The trouble with Lewis`s ideas is that big wheel Cubby doesn`t like them. Lewis revealed that he went to see Cubby two years ago. “I was in his office for five minutes, but it was really over for me in seconds. I have heard since that he doesn`t like me. That is unfair. He is expecting another Connery to walk through the door and there are few of them around. I think he has really shut the door on me. He found me too aggressive. I knew it all – that kind of attitude. Two or three years ago that would be the case, purely because I was nervous and defensive. I felt they were playing the producer bit with fat cigars. When someone walks into their office for the most popular film job in the worlds, a little actor is bound to put on a few airs. If Cubby couldn`t see I was being self-protective I don`t have faith in his judgement. Euan saw through that. You have three minutes to sell yourself but if you go on that line you fail. You have to be yourself – and you have a better chance if you are the right person.” “I didn`t have that confidence then. I am just acquiring it now. The number of people who have suggested me as a candidate amazes me – and Cubby hasn`t given me another shot. I would even screen test and all that.”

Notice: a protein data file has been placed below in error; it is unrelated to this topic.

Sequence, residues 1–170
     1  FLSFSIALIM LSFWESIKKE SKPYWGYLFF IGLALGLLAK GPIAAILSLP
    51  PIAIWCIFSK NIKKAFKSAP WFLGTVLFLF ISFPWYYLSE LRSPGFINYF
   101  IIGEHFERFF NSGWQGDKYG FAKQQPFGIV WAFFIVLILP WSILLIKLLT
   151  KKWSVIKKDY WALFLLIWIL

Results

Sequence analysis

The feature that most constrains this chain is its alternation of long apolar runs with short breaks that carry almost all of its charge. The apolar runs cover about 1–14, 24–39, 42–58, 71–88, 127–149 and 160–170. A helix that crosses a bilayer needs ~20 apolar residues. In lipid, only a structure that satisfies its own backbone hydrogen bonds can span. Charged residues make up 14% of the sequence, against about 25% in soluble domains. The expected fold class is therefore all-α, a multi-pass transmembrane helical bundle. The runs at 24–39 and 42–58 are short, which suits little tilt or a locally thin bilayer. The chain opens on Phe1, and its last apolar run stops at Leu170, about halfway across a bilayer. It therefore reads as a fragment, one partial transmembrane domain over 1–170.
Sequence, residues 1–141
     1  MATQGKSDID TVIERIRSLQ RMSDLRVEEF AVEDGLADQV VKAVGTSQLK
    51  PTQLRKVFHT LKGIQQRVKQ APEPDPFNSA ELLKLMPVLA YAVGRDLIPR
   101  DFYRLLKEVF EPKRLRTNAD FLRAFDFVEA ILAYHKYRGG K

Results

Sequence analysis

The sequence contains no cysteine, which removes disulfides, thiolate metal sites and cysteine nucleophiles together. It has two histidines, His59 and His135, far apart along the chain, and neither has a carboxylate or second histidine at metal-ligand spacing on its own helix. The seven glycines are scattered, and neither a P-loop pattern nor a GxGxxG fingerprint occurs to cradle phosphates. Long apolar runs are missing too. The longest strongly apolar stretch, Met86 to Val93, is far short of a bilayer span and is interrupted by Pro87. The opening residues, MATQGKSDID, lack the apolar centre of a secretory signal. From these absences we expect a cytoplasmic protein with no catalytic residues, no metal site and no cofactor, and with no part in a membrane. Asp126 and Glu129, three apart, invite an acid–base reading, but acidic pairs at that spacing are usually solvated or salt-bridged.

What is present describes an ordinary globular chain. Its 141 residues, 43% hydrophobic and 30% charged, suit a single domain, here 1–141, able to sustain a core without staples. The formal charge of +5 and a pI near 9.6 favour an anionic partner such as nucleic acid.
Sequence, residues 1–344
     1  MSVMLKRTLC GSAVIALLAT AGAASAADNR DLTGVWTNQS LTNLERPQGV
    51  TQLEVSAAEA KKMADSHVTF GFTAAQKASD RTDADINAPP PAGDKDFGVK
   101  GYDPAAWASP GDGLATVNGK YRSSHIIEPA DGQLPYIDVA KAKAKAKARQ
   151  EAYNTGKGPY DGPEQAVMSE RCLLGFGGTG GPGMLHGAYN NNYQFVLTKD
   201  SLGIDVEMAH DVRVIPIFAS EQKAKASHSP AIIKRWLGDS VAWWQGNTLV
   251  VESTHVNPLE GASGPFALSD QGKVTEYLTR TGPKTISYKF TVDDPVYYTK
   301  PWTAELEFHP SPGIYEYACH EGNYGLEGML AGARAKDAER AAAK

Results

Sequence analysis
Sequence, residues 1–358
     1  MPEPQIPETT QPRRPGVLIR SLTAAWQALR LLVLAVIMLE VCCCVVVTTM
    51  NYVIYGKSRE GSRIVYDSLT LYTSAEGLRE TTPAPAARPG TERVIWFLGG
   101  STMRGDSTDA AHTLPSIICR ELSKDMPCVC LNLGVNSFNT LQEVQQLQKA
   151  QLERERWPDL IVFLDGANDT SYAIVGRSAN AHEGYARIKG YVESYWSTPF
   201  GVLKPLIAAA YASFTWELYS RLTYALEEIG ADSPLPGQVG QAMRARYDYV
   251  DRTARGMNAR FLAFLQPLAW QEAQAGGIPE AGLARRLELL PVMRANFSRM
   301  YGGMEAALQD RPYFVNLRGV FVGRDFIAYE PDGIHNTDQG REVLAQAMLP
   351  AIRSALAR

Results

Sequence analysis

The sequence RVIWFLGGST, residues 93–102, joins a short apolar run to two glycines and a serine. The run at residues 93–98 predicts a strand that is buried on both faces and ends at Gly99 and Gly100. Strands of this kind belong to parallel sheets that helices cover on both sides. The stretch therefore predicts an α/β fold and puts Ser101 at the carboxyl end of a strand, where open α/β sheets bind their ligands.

Debra Sue Sutton?

9/29/1982 Photo Op with Miss America Debra Sue Maffett in oval office

One name you probably haven`t heard too much of in connection to the auditions for the role of Stacy Sutton is Debra Sue Maffett. Her name is one of the more obscure ones in the history of Bond casting. Her website lists her credits as: Host of The Nashville Network`s Country News The syndicated news/magazine show Hot, Hip, & Country, A singer with a CD called Die Trying. A producer of a pilot show titled Real Life Angel Stories.

She was a former Miss Beaumont University, Miss California and reigned as Miss America 1983. After her reign, Maffett continued to reside in California where she embarked on a successful television career that included an Emmy nominated stint as hostess for PM Magazine in Los Angeles and television appearances on Matlock, The Tonight Show with Johnny Carson, David Letterman, Good Morning America, Bob Hope`s Specials and Hollywood Squares. In between all of this she found time to audition for the role of Stacy Sutton.